It’s that time of year again. Love them or hate them, the invitations to office Christmas parties will be arriving soon if they haven’t already. For employers, parties pose a particular threat. Here are some tips on making sure your Christmas office party doesn’t bring New Year blues:
1. Health and Safety
It is important to carry out an assessment of all possible risks and take reasonable steps to reduce them, as you would for any work activity. Avoid rubber…well, balloons in particular. One person in 20 suffers from an allergy to latex. Also, make sure your Christmas tree is well secured. Over 1,000 people annually are injured by Christmas trees. Anything involving a naked flame is a bad idea. Check that decorations are put up safely and do not pose a fire hazard.
Regrettably for smokers, the smoking ban is not suspended for the festive season.
Many people consider work the curse of the drinking classes, especially where the alcohol runs free. One of the biggest causes of post-festive season litigation is people letting their hair down (as they see it) and things getting out of control. Employees should be made aware that normal disciplinary procedures apply. Employers can be held responsible for employees' actions after consuming alcohol provided by the employer, so take care!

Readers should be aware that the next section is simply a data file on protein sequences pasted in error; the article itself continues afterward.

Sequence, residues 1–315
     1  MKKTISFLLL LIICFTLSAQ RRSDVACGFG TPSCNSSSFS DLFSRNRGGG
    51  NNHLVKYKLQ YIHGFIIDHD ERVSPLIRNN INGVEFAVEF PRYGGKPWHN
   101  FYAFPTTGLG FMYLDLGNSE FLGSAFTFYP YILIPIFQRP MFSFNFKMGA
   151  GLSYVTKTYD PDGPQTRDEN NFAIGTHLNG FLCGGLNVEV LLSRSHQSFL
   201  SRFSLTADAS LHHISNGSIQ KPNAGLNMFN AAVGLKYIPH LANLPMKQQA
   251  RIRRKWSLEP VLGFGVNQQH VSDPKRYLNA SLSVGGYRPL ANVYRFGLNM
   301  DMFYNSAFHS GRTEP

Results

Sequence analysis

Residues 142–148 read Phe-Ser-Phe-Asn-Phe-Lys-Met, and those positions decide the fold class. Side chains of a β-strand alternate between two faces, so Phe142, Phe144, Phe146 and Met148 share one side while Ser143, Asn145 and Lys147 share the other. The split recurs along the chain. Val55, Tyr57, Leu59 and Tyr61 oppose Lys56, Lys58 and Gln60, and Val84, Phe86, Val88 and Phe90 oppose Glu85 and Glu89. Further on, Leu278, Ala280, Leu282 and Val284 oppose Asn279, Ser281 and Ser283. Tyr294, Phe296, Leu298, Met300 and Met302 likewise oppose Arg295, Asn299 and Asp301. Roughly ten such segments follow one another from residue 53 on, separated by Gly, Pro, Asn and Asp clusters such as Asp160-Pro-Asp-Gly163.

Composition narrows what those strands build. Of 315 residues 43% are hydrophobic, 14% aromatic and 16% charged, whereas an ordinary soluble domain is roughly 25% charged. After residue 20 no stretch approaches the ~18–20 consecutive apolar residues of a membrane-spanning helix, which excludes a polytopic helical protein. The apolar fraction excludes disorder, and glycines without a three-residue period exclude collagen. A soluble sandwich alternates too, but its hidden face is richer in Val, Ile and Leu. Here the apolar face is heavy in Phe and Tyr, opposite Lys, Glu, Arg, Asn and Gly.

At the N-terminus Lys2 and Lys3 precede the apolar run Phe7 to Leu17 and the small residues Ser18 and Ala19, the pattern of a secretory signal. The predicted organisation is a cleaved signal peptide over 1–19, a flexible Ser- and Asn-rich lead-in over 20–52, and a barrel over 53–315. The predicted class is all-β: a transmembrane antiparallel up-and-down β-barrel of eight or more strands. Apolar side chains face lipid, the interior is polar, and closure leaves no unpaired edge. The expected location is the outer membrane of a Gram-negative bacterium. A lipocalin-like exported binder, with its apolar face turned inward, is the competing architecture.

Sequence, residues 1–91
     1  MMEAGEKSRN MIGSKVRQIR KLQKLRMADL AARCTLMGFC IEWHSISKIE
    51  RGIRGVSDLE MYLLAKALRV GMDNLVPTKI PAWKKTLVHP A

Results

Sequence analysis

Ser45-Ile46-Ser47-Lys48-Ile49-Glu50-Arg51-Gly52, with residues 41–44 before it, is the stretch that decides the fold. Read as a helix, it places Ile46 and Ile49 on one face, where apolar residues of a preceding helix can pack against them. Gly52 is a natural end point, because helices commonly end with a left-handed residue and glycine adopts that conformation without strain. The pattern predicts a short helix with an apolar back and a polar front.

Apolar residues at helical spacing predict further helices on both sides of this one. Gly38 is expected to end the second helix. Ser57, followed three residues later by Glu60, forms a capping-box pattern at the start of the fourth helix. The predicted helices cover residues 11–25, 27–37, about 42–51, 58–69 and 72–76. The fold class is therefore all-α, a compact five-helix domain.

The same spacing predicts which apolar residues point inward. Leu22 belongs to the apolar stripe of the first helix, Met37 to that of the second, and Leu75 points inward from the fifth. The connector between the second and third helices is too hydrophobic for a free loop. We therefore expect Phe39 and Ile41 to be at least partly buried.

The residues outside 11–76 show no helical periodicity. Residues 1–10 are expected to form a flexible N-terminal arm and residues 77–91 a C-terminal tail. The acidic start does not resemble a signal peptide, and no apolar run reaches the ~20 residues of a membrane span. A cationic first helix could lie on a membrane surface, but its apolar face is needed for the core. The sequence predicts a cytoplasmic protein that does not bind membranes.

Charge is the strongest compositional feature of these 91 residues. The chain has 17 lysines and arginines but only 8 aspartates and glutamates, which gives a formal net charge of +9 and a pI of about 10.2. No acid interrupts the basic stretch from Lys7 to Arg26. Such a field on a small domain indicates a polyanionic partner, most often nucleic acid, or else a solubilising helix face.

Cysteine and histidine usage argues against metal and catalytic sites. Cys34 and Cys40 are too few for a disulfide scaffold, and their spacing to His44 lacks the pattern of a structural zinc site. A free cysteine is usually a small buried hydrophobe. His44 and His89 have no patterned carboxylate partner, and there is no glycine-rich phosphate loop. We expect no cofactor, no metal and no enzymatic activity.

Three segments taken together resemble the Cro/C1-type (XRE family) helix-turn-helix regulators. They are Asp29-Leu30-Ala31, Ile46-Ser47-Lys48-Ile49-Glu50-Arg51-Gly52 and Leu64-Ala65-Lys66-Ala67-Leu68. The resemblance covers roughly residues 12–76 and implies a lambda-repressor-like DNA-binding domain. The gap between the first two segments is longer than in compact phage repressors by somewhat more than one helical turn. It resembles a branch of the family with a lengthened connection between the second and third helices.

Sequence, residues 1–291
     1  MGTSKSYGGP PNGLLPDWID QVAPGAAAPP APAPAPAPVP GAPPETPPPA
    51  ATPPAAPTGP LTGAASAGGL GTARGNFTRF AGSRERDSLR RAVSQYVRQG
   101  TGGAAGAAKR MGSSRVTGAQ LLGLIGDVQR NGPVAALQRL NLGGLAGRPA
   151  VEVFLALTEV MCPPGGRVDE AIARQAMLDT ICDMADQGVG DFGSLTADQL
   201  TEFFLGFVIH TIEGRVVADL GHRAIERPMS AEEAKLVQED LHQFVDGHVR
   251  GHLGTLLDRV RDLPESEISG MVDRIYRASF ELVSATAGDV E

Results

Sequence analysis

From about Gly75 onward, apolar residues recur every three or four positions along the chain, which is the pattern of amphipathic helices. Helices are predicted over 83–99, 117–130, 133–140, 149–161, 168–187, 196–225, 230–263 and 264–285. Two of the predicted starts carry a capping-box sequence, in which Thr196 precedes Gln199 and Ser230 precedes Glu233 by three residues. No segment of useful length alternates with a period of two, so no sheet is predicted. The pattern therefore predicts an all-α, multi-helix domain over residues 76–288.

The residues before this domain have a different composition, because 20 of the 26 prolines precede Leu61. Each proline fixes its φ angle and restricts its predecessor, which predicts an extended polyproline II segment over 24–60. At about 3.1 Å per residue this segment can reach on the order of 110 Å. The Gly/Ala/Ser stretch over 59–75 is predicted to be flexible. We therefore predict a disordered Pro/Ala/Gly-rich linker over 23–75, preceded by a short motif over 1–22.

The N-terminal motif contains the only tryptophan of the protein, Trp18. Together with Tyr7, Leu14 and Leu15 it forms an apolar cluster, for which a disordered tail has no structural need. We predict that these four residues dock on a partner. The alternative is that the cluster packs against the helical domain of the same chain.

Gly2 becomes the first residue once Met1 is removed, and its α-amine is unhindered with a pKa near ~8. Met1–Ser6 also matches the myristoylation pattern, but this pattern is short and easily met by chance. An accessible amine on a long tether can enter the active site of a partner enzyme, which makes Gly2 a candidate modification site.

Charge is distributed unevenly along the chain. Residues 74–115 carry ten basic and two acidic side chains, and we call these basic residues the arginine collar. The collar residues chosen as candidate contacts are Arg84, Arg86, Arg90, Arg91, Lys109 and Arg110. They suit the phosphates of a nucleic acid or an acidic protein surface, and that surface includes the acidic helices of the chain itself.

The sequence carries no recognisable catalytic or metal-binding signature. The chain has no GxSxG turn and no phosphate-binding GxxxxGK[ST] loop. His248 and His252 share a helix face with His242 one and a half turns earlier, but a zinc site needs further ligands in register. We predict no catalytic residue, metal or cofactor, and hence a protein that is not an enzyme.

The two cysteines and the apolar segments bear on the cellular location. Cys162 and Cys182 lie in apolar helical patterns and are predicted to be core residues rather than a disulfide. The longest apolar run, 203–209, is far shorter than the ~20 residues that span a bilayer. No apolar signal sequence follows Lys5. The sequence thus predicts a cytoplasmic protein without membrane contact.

By the way, the law on serving alcohol to minors is also not suspended for the festive season and many people do not drink on religious grounds. Make sure soft drinks are available.
Permitting the use of controlled substances on your premises is a criminal offence; the good news is that you’ll probably only get a fine if prosecuted. Your employees probably wouldn’t come to visit you in prison anyway.
You’d have to be brave, foolish or both to risk it.
An employer has a duty of care towards staff; it is probably a better investment to pay for a few taxis than a few extra pints.
7. Chit Chat and Banter
Beware of letting your good humour get the better of you! Many an employee becomes disgruntled when promises alleged to have been made at the firm’s ‘do’ are not kept. As far as banter goes, the rule has to be to make sure you step in at the point when the Olympic champion for being thin-skinned would take offence. One person’s banter is another’s ground for a discrimination claim. The same goes for actual behaviour. To tolerate is to condone and to condone is a dangerous policy.